FCPS welcomes more than 90 Afghan refugee students to schools across the district
Sosan Barakzai, who moved to Fairfax County from Afghanistan at the end of fifth grade, has a lot to share with the six Afghan refugee students who have enrolled at Annandale High School since the year began.
Sosan, now a 15-year-old sophomore at Annandale High herself, wants the newcomers to understand that many of their AHS peers themselves at one point were in English language learner classes. She also wants them to know that it’s ok to ask questions -- of teachers and other students alike, and that Skittles and Sour Patch Kids meet Halal food standards while most American gummy bears and gummy worms don’t -- but she knows where to find gummy candy that is compliant with Islamic dietary guidelines.
“I feel like I know better than anybody how it feels,” says Sosan, who left Afghanistan when she was 10-years-old and immediately enrolled in Bren Mar Park Elementary in Alexandria for her final few months of fifth grade. She says she was unfamiliar with going to school alongside boys, since most Afghan schools were segregated by sex, impressed by American classrooms since many of hers in Afghanistan had broken windows and encouraged by teachers who pushed her to participate even as she was not yet fluent in English. “Everything is different about school here. Some of it was quite shocking to me, but I never felt uncomfortable.”
The six refugee students at Annandale High are just a fraction of the more than 90 Afghan students who have enrolled at Fairfax County Public Schools across the district since U.S. troops pulled out of Afghanistan, and planes carrying hundreds of refugee families landed at nearby Dulles Airport. Many refugee families found temporary shelter at Northern Virginia Community College in Annandale, and some made the decision to remain in Fairfax County permanently.
Schools across the district are adjusting accordingly. Parklawn Elementary in Alexandria has enrolled at least 25 Afghan students over the past three weeks, more than any other FCPS school, according to district data.
Parklawn Principal Rebecca Forgy says her staff is prepared to serve the new students, whatever their needs may be.
“We have a strong student support team,” Forgy says, adding that counselors, the Parklawn family liaison, psychologist, and social worker gather at least every other week to discuss newcomer needs.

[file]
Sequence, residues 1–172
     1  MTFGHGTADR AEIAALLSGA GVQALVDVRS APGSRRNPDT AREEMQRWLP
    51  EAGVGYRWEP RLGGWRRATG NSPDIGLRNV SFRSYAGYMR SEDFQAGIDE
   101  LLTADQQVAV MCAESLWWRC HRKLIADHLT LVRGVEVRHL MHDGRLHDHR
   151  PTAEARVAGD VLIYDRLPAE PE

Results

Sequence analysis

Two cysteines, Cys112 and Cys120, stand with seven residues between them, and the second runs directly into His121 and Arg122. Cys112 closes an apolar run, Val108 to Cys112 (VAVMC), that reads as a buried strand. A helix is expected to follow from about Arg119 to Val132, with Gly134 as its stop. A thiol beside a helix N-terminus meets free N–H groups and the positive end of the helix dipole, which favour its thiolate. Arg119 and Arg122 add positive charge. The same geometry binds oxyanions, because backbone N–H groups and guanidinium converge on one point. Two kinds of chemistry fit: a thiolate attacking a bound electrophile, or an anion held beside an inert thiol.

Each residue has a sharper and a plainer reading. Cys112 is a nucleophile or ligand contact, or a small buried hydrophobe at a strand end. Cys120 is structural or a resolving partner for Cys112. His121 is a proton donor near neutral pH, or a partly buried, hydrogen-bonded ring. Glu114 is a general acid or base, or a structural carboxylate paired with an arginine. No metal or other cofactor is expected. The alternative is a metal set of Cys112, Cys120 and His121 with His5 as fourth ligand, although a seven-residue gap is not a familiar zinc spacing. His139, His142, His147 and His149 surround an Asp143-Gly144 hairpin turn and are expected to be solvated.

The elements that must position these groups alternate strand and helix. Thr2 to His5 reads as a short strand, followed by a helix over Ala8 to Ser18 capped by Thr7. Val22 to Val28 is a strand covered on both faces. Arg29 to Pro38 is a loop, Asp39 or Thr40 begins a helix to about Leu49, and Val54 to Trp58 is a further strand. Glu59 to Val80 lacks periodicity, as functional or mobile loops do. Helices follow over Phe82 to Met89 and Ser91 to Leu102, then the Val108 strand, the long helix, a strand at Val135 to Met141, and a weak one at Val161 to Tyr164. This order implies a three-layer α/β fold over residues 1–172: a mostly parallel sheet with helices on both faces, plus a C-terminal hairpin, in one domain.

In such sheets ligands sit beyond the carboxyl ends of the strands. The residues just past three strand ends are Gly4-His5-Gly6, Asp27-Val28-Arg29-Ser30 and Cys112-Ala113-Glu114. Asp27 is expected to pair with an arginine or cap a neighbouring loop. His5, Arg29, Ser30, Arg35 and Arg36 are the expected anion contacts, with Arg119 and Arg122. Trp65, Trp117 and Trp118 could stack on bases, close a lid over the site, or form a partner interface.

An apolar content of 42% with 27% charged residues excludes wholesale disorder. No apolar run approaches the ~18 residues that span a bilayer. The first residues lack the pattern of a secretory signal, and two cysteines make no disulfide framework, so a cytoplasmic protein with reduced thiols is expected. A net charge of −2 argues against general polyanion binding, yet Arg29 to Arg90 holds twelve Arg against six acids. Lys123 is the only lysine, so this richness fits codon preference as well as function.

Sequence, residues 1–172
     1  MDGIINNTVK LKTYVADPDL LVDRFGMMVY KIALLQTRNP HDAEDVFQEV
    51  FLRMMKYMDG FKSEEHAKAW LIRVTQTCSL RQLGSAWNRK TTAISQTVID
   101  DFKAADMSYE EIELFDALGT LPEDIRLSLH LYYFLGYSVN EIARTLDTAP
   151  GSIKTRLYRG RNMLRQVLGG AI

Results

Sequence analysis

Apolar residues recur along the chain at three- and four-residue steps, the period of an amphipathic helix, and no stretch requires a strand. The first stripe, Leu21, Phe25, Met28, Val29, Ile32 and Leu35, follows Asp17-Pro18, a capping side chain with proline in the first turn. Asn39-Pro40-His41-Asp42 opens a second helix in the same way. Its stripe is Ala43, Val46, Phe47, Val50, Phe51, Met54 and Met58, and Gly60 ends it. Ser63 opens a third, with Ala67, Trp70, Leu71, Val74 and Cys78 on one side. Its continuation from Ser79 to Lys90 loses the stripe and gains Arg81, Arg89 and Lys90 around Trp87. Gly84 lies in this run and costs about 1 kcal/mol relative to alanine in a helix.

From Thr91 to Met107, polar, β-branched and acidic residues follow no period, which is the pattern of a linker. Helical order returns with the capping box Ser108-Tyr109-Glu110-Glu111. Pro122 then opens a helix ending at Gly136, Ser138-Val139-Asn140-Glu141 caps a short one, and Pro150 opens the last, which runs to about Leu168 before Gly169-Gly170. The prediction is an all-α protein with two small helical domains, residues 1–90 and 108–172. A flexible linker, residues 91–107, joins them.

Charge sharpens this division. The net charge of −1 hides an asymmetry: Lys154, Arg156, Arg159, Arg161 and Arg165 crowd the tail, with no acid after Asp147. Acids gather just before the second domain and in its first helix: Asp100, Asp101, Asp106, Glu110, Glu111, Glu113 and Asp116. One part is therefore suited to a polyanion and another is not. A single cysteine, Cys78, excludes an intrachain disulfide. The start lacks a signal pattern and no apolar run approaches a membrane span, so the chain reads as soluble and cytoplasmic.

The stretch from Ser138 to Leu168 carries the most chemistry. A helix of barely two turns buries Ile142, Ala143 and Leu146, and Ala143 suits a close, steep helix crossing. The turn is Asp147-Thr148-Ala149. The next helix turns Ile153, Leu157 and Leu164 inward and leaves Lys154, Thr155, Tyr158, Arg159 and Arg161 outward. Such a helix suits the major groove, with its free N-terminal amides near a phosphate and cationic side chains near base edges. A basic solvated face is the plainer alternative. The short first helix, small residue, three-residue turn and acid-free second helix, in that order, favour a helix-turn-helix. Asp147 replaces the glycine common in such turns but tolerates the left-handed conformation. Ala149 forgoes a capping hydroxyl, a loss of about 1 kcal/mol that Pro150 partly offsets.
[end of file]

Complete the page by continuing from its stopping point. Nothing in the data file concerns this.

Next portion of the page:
Parklawn staff themselves have previously received trauma-based instruction training and will utilize that, as well as guidance from school psychologists, on the unique needs of refugee students, she added.
Staff members direct families to a free clinic to help parents who may be uninsured address medical issues, a family liaison welcomes every family individually and can share resources for assistance with food, clothing, school supplies as needed, and counselors are devising a plan to do “minute meetings” or short, regular check-ins as well as lunch bunches with students as they adjust, Forgy said.
Parklawn is placing the refugee students in classes where they may be another Afghan student already or at least another child who speaks the same language, Forgy said. Ninety-six of the school’s roughly 800 students were born in Afghanistan, so many refugee families are drawn to the area either through family or community ties, she says.
“We see children holding the hands of the new students walking to the playgrounds, it is really heart-warming,” Forgy said. “Honestly, our children are so welcoming and familiar with diversity already, I am not sure they have the sense that anybody is standing out, it is just another new person joining us.”
Ahsanullah Luddin, a junior at Annandale High who came to the U.S. from Afghanistan roughly 18 months ago himself, remembers who was there for him when he first started school. There were teachers who called him sweetheart and checked in on him at home -- “they were very motherly to me and I appreciated that” -- Ahsanullah says, noting that behavior is very different from the typical Afghan teacher-student relationship.
There were also students who went out of their way to bridge the gap for him, he says.
“They showed me how to do assignments, turn things in and how to even find my classes,” Ahsanullah says. He remembers one student in particular, a neighbor who was a senior at the time of his move, who would come to his family’s house, to do homework together side by side for three or four hours a night to help him understand how to meet American classroom expectations.
Annandale High leaders say that is their goal. Ahsanullah, Sosan, and Khujasta and Husna Basiri, sisters who enrolled at Annandale after moving from Afghanistan last year, are working on a guide for staff on how best to help the newest refugee students acclimate.
“The minute someone walks through our door, we aim to have someone who escorts them, hopefully can communicate with them in their home language and makes them feel welcomed,” Principal Shawn DeRose says.
“Annandale, given our diversity, given our location, we seem to be a microcosm of anything that is happening in the world,” DeRose says. “There are obviously academic needs, language needs that we are prepared to address, but also so many students who come to us may have experienced some significant trauma, so we are trying to meet their social-emotional and wellness needs as well.”